Towards a More Perfect Union?
With liberal democratic governance under pressure—does the current paralysis in the United States and in Europe compel time for a re-think?
Almost two weeks into the US federal government shutdown there are small signs of a possible thaw in the relationship between the White House and leaders of the Republican-controlled House of Representatives. But a resolution to the budget standoff and an agreement on the debt ceiling is far from certain. On Thursday evening, President Obama and House Republican leaders met at the White House, but failed to reach an agreement on raising the debt ceiling limit and re-opening the federal government. The two sides have promised to continue negotiations in the hopes of reaching an agreement before October 17, the date at which the federal government is expected to reach its borrowing limit.
To date, the impact of the shutdown has been muted. With only about 17 percent of the federal government currently affected, estimates of a potential hit to GDP are in the range of 0.10 percent to 0.12 percent for every week the government remains closed. Given that the shutdown occurs at the start of the fourth quarter, there is time for the economy to recoup the lost output if the situation is resolved soon. Treasury bills (T-bills) sold off sharply on Tuesday, with yields rising as high as 0.35 percent, a level not seen since October 2008. There was also a similar increase in credit default swap (CDS) prices on US treasury notes this week, but both rates have declined in recent days as the positions of both sides have softened. But make no mistake, the differences between the two sides of this political divide remain large, and reaching an agreement over the next week is critical to avoid entering uncharted territory.
The effect of the shutdown on the global economy has been less pronounced, but the rise in T-bill and CDS prices indicates a certain skittishness among global investors. Foreign governments, led by China and Japan, have been calling on US government officials to find a solution to the impasse, and major international organizations (e.g., International Monetary Fund (IMF), Organization of the Petroleum Exporting Countries (OPEC), etc.) have chimed in to remind lawmakers of the importance of the US economy to global economic growth, and of the potential fallout from a debt default. Five years after the collapse of Lehman Brothers the global economy is still trying to get humming on all cylinders, and the US economy has been outperforming most of the other developed economies. In fact, many economists now believe that the United States, along with China, represents the best hope of restoring global growth. Europe remains mired in economic malaise—though recent indicators suggest it may be emerging from its difficulties—but is not expected to return to trend growth over the next few years.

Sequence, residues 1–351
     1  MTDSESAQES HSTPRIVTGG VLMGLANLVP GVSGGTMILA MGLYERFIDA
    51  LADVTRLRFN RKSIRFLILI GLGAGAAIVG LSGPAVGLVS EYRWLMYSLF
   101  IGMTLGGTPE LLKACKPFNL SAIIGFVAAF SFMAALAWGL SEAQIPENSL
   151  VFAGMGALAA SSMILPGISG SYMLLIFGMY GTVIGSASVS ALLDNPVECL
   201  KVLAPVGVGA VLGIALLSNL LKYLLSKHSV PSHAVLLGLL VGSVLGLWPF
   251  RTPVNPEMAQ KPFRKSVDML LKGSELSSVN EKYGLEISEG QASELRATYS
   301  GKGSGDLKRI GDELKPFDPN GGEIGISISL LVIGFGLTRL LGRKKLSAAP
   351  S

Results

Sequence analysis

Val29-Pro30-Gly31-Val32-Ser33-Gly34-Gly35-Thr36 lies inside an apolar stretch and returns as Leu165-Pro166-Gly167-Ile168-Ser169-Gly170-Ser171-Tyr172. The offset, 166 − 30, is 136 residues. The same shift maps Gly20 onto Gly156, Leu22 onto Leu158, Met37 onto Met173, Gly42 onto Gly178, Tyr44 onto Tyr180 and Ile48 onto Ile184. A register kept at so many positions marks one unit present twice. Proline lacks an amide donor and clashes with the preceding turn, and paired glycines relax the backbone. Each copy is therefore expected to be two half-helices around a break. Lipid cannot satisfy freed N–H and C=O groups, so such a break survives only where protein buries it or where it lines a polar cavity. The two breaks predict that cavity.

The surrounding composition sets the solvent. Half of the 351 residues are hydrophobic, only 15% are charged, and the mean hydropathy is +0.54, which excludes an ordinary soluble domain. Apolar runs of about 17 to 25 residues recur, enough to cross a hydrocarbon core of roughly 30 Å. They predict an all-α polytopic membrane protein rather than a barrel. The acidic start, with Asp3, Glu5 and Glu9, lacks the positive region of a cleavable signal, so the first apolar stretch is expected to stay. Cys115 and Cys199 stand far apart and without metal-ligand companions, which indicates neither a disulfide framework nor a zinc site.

But why are we here? What is responsible for the partisanship in Washington and paralysis in Brussels? Did the founding fathers in the United States get it wrong? Has Hobbes won the debate over Locke? What do the political structures in the United States and Europe say about the ability to govern in times of economic and systemic stress? The framers of the Constitution of the United States adopted the principle of separation of powers in an attempt to limit the power of any one of the three branches of government (executive, legislative, judicial), while at the same time creating a system in which powers should be shared. This system of checks and balances has worked well over the past 200-plus years. But as party politics and campaign finance issues have evolved over time, the current stalemate raises questions over whether it works as well as it should. This current episode is characterized by a scenario not likely anticipated by the US founding fathers, where a minority of elected representatives (approximately 40 in the House of Representatives and a handful in the Senate) are largely responsible for the impasse. Most everyone believes that within both houses of Congress there are sufficient representatives from both sides of the aisle who would support a continuing resolution to fund the government, and yet this small minority of the 535 members of Congress are holding the vote hostage. Over in Europe, the various countries and institutions across the European Union seem unable to reach agreement to deal with major economic issues facing the continent. While the governance structure in the European Union is far from identical to that of the United States, they both rely on principles of democratic representation and strong minority protections.